Monkeypox outbreaks in Africa are not among gay men, unlike in other parts of the world, World Health Organization (WHO) and Africa CDC experts said Thursday.
Outbreaks of the viral disease have been reported from 78 countries, mostly in Europe, and 98% of cases outside countries in Africa have been among men who have sex with men, the WHO said.
But in Africa, where repeated outbreaks have been recorded since the 1970s, the mode of transmission is different, experts said.
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“About 60% of the cases we have now – 350 – 60% are men, 40% are women,” said epidemiologist Dr. Otim Patrick Ramadan, answering questions about the monkeys at a media conference organized by the WHO’s regional office in Africa. , and who represent the current number of cases in the continent.
More than 80% of cases in Africa are in countries where there has been previous transmission, he said, where people are usually exposed to the virus through contact with animals that carry the virus, before passing it on to household members.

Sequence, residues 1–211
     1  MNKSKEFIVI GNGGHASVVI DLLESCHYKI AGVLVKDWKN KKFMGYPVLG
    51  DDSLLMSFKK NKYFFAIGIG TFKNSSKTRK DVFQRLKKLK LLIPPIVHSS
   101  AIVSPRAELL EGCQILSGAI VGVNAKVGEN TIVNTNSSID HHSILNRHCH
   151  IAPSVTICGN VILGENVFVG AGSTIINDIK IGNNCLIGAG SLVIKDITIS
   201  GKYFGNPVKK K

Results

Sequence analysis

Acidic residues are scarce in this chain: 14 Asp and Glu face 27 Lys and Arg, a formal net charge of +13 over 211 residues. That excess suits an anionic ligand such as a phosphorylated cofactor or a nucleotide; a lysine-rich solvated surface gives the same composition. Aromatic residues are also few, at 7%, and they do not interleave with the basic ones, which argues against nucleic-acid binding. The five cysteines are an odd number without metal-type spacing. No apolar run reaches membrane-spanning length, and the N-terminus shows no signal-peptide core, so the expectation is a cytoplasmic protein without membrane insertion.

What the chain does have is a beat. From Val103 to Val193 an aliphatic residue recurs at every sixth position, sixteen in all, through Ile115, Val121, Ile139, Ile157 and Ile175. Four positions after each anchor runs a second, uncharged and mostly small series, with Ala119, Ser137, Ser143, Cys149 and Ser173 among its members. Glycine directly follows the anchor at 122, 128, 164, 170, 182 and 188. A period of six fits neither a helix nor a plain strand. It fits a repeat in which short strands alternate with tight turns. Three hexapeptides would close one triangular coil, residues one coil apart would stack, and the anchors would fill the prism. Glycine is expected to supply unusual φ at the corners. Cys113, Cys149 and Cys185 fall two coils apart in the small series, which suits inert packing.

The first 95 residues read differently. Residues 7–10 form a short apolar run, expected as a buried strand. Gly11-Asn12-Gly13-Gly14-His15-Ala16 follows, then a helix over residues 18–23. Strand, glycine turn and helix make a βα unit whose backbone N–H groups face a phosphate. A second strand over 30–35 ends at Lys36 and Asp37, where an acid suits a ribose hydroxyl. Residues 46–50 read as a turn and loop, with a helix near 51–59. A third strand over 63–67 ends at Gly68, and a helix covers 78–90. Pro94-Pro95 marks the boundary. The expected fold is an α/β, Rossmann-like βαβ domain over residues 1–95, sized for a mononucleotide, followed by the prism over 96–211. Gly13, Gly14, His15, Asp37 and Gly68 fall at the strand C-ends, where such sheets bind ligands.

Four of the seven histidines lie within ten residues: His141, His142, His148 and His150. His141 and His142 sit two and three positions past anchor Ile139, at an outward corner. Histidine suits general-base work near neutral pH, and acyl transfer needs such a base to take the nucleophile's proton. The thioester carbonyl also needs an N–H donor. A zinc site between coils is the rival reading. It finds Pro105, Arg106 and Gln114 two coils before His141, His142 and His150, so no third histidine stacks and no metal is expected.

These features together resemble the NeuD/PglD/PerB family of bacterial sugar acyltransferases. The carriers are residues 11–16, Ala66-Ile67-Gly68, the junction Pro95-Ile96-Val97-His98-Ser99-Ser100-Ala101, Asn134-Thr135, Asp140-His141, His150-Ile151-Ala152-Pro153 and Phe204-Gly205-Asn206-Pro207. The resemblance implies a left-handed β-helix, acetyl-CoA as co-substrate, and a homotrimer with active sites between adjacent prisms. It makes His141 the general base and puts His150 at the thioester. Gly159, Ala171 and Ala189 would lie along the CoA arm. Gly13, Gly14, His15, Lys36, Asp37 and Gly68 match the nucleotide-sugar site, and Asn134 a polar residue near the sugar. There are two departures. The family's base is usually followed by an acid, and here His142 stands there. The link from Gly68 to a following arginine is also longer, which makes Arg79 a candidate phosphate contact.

He said women usually take care of sick people at home, which is one of the reasons for the spread among women.
Africa Centers for Disease Control and Prevention (CDC) acting director Dr. Ahmed Ogwel Ouma told a special media briefing that there is no evidence that transmission between same-sex couples is a specific factor in the African outbreak.
“We’ve been collecting data on monkeypox since 1970, and that particular indicator, men having sex with men, has never come up as a significant problem here in Africa,” he said.
More than 18,000 cases of monkeypox have been reported worldwide in what WHO has declared a global health emergency.
Monkeypox is spread by close contact and causes flu-like symptoms and pus-filled skin lesions.
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Public health agencies emphasize that although the outbreak is among men who have sex with men in many countries, anyone can contract the virus through prolonged intimate contact or particles on objects such as bedding or towels.